For seven decades, electing the United Nations secretary general has been a process nearly as arcane and closed as choosing the Pope.
But this year, as part of a bid to make the massive bureaucracy more accessible, aspirants to the post offered their platforms and answered audience questions at the General Assembly hall in New York.
“That event was one remarkable piece of a new approach to electing the secretary general that really is revolutionary,” says Edward Luck, an international relations expert at Columbia University who has been closely associated with UN policymaking for more than three decades. “It’s historic change that I would not have predicted a year ago would happen.”
The United Nations – which rose from the ashes of World War II with the objective of resolving the world’s conflicts and advancing global prosperity – is being buffeted by the same winds of global change and demands for accountability and relevance affecting other institutions of collective governance, from the European Union to Washington.
And in response, the global institution reviled in some corners as “world government” and often criticized – even by supporters – as hopelessly bureaucratic and removed from people’s lives, is making strides to open up and demonstrate a new responsiveness.
The secretary-general election process that for the first time will have global public input is just one example. Millions of people were consulted in a process that last year delivered the UN’s Sustainable Development Goals. And a “UN Volunteers” initiative that matches volunteers with computer and social media skills from around the world to grassroots organizations involved in UN development programs – a kind of cyber Peace Corps – is expanding.
“There really is an expectation now that the business of governance and policymaking should be carried out publicly and transparently,” Dr. Luck says. “The idea that some group of elites should go off in a corner and make all the decisions is so rejected by so many people now that the status quo just doesn’t cut it anymore.”
The Danish diplomat behind reform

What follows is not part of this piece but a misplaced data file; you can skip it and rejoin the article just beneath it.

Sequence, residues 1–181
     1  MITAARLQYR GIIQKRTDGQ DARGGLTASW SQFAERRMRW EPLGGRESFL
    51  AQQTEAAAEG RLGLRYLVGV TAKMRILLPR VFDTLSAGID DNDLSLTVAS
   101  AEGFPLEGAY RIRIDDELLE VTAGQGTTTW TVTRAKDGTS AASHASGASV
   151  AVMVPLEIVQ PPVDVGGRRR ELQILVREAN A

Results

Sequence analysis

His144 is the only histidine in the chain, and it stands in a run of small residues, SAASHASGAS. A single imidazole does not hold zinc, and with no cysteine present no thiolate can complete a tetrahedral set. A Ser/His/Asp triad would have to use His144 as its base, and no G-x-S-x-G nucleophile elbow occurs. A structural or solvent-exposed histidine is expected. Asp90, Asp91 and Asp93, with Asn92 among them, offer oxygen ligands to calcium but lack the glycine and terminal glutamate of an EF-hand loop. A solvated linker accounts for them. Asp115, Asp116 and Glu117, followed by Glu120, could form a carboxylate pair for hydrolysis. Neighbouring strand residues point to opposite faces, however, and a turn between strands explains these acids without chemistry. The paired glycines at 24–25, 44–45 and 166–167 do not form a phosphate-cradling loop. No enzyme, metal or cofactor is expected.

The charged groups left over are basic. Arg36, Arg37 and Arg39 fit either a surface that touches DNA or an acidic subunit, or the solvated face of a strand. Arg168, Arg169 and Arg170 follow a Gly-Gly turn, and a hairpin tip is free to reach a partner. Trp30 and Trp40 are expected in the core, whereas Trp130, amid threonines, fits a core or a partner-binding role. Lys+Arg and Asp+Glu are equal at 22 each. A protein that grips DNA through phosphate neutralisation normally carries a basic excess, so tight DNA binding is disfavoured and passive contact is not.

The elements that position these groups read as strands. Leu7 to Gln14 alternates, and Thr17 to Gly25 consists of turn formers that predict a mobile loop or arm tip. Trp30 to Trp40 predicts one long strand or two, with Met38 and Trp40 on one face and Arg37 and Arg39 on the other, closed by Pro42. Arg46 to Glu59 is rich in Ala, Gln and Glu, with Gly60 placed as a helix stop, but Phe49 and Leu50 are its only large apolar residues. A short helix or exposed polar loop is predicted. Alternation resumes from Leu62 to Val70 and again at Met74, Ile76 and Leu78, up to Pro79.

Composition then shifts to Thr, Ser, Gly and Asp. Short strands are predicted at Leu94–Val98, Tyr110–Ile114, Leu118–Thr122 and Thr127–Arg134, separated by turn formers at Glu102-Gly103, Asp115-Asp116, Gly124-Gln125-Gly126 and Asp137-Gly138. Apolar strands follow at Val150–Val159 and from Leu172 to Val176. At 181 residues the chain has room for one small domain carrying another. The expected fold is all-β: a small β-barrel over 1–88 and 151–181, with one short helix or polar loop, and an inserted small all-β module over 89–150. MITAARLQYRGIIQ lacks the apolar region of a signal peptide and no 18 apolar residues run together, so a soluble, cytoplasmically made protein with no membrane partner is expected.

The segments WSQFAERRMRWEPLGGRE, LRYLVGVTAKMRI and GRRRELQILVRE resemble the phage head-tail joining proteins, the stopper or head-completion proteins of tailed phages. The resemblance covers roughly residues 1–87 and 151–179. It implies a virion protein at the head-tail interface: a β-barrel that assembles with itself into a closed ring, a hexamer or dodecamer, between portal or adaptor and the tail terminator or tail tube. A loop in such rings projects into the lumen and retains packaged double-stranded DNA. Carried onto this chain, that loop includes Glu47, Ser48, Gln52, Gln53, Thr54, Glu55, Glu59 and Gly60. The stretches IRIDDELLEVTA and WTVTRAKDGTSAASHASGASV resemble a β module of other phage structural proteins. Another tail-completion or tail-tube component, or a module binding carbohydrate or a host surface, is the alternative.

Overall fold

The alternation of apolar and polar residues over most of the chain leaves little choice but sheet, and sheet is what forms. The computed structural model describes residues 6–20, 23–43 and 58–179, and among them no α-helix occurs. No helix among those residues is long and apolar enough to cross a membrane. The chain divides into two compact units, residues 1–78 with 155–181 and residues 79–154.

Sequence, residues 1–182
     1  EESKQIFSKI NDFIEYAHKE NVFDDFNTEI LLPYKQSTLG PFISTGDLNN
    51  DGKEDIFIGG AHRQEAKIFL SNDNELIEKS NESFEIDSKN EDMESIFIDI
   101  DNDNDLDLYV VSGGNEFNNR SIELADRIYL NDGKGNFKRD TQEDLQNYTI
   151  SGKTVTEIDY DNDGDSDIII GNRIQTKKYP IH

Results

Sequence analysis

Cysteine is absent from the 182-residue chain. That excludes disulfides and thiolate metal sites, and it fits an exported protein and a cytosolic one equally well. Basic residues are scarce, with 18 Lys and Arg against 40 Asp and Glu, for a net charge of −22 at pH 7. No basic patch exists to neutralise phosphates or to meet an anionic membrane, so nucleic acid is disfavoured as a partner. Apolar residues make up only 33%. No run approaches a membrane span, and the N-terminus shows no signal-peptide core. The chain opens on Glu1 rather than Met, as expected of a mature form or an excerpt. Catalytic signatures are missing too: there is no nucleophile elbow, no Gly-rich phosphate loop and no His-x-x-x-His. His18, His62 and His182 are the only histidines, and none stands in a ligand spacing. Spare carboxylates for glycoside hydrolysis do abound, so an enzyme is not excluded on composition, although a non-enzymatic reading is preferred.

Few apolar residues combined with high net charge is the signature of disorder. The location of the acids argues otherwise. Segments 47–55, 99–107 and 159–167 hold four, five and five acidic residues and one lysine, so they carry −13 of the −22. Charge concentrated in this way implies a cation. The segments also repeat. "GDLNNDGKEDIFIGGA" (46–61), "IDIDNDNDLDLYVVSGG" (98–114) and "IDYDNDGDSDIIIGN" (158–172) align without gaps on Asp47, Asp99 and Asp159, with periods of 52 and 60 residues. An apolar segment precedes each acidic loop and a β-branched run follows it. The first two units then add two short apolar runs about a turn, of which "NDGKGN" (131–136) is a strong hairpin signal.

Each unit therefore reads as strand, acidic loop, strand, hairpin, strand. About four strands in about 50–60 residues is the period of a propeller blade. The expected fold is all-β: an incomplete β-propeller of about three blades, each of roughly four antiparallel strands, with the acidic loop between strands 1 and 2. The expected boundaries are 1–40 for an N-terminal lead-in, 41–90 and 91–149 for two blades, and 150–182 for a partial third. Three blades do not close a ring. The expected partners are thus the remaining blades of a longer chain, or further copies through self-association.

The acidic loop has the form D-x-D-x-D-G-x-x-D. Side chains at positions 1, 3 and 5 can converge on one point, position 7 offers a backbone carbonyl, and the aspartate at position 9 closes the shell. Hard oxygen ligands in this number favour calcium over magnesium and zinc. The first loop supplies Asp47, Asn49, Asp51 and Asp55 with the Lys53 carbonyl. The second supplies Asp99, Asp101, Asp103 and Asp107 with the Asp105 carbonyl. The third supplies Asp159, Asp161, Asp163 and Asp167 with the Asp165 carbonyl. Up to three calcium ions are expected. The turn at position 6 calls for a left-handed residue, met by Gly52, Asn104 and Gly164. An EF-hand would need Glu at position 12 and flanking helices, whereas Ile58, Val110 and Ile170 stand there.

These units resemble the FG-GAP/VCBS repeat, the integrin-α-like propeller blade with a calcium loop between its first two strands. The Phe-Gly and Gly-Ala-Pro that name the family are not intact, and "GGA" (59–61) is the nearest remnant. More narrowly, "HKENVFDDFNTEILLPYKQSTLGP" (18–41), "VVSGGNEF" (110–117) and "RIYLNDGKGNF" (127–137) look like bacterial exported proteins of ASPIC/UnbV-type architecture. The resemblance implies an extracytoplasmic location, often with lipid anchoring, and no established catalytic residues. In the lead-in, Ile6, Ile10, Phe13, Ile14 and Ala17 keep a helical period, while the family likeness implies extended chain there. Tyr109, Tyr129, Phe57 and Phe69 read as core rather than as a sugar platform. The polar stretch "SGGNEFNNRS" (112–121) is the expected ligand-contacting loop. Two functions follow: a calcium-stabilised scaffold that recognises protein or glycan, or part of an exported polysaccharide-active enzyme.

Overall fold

The election of UN secretary general is the epitome of the closed-door, backroom selection process that now clashes with a world of expanding democracy and public participation and demands for transparency. The current officeholder, Ban Ki-moon, is just the eighth person to hold the post since 1945.
Acting more on tradition than on law or even policy, the 15-member Security Council, led by its five permanent members – the United States, Russia, China, Great Britain, and France – has until now horse-traded over an unofficial list of candidates before submitting one name to the General Assembly of the world’s nations to rubber stamp.
“It’s basically been a decision made in the Security Council, mostly between the permanent members – and in fact maybe only three of them,” says Mogens Lykketoft, the president of the General Assembly and the individual many at the UN credit with almost single-handedly delivering a more open and broadly consultative election process for secretary general.
The Danish diplomat says he was “shocked” by the anachronistic “closed-door” means of selecting the UN’s leader when he took up his post a year ago. But he says he also knew that the global institution could do better.
More than anything, Mr. Lykketoft says he was inspired by the process of worldwide consultation and on-the-ground public hearings and social media discussions that the UN’s 193 member states had implemented to arrive at the Sustainable Development Goals (SDGs).